Table 3 Individuals Involved in the Apology Process

In all, almost three quarters of the apologies came from attending physicians and residents, the two groups primarily responsible for medical student education. The fact that the majority of apologies came from faculty suggests that students were largely observing their teachers and less frequently involved in offering apologies themselves.

Patients and/or family members (165; 69%) were the most frequent recipients of apologies, followed by the students (20; 8%), faculty (20; 8%), or nurses (14; 6%). Others, such as lab techs or other team members, accounted for 19 cases (8%). The person most frequently apologizing to patients and/or family members was the attending physician (96; 58%), followed by the intern or resident (35; 21%), and the student (34; 21%). In a small number of cases (N = 6/238; 3%), students apologized on behalf of the attending as the following excerpt illustrates.

A patient complained to me that the attending was rude. The nurse was in the room and she agreed. I said what a good doctor he is and that I think he takes his job seriously and that may be interpreted as rude. I apologized on his behalf. I am not sure if i should tell him about this.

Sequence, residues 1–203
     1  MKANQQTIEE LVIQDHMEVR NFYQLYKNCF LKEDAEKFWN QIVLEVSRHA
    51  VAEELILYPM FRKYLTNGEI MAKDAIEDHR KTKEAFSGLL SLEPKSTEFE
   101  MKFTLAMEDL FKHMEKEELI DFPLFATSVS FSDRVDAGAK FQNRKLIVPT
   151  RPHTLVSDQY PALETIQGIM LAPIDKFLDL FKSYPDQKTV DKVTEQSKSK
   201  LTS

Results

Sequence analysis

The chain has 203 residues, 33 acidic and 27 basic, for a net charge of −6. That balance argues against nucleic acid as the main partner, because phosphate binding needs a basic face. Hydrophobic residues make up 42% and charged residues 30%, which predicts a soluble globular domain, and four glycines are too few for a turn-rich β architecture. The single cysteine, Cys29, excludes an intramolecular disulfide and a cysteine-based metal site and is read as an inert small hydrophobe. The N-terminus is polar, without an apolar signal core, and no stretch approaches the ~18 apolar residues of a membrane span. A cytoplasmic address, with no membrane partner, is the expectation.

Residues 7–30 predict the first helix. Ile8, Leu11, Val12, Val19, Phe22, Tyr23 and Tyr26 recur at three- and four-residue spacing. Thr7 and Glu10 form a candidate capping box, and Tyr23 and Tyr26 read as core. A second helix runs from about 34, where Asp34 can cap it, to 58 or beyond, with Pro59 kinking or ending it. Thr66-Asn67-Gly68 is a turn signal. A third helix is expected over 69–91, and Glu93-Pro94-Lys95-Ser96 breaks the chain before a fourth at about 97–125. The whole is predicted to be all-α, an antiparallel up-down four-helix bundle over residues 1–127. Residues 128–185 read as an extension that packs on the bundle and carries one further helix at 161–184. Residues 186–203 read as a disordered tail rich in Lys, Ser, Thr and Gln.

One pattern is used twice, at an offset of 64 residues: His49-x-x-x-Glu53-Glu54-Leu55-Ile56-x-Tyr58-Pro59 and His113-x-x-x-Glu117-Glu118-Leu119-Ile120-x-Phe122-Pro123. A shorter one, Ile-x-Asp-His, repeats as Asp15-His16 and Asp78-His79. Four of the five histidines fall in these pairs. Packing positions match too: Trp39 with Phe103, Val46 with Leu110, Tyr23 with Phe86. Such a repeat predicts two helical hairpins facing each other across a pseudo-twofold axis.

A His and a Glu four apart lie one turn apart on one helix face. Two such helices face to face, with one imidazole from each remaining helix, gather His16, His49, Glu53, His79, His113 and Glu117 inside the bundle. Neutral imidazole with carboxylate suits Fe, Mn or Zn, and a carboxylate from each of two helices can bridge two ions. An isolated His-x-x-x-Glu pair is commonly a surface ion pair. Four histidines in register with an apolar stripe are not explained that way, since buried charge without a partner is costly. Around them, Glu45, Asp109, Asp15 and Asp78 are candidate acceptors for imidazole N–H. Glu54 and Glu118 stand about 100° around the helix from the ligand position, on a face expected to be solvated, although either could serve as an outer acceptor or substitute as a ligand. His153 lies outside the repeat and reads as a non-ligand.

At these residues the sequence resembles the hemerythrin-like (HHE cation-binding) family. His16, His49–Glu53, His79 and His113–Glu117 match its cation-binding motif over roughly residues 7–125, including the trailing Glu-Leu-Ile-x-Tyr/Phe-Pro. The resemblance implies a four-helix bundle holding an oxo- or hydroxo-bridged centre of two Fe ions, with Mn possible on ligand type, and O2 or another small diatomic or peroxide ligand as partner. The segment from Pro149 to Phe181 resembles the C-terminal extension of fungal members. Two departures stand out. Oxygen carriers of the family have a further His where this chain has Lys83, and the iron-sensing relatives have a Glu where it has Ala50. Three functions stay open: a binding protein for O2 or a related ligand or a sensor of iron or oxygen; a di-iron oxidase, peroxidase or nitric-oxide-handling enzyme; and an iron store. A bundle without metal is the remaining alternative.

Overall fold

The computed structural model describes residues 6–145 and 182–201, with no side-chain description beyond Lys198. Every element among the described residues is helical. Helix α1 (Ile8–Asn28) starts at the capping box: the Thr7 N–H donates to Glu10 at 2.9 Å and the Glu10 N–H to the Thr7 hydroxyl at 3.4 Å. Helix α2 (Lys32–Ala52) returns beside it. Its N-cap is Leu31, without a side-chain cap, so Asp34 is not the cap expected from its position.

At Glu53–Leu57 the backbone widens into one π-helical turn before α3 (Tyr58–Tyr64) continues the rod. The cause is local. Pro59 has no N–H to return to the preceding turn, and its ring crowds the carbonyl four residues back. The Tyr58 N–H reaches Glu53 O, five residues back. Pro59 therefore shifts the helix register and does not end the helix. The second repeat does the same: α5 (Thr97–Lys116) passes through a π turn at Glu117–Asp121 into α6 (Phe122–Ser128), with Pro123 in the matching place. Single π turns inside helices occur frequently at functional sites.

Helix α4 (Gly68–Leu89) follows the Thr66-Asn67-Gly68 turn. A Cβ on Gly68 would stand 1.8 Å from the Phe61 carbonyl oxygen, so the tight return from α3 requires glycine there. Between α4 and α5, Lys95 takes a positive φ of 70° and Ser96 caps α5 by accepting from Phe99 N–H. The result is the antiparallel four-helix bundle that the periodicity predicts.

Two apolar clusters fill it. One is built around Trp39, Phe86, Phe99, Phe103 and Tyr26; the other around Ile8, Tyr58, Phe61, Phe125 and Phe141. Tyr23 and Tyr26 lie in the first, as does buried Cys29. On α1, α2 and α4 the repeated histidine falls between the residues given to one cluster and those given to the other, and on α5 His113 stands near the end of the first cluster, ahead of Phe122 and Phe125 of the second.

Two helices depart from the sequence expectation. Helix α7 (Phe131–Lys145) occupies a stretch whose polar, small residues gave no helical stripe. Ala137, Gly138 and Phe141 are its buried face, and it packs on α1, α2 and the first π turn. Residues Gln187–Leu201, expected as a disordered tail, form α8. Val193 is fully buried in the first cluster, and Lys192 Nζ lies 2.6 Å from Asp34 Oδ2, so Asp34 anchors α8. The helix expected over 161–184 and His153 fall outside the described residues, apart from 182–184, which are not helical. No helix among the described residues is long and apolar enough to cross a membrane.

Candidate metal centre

Apology Timing

Of those apologies for which timing could be identified, the majority (N = 126; 57%) occurred as the event was unfolding or immediately thereafter. In a significant minority of cases, apologies were delayed until the end of a shift or the next day (96; 43%). To determine whether the timing of an apology influenced students’ experiences, we analyzed the impact of immediate vs. delayed apologies. Table 4 presents the results using the chi-square statistic to look for differences.

Table 4 Impact of Immediate or Delayed Timing on Student Experience

The chi-square statistic was 0.67, p value = 0.41, which was not statistically significant, suggesting that timing had little impact on students’ overall experience of the interaction.

Impact on Student Experiences?

The majority of apologies students observed were seen as positive (N = 166; 70%) and were often praised as models of high-quality care. Many students explicitly noted that they hoped to be like the attendings and residents they were observing. For example, one student noted: